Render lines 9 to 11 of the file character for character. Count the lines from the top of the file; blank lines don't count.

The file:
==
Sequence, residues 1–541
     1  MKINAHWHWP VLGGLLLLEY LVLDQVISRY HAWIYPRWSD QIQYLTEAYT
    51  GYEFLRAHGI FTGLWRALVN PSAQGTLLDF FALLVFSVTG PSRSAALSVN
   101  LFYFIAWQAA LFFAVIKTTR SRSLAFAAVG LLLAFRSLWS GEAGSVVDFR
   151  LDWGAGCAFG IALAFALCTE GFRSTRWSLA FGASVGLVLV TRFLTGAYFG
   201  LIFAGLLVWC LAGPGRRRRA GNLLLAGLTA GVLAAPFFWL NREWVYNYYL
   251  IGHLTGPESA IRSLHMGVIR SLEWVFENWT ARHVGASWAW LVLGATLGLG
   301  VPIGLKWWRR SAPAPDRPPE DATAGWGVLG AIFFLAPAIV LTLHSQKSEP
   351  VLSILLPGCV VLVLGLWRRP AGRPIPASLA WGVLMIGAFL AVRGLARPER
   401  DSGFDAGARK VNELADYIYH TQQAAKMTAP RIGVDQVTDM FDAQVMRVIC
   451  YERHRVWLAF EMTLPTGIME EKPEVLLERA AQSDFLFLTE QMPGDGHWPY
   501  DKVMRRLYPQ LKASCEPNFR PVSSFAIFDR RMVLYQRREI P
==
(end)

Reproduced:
   351  VLSILLPGCV VLVLGLWRRP AGRPIPASLA WGVLMIGAFL AVRGLARPER
   401  DSGFDAGARK VNELADYIYH TQQAAKMTAP RIGVDQVTDM FDAQVMRVIC
   451  YERHRVWLAF EMTLPTGIME EKPEVLLERA AQSDFLFLTE QMPGDGHWPY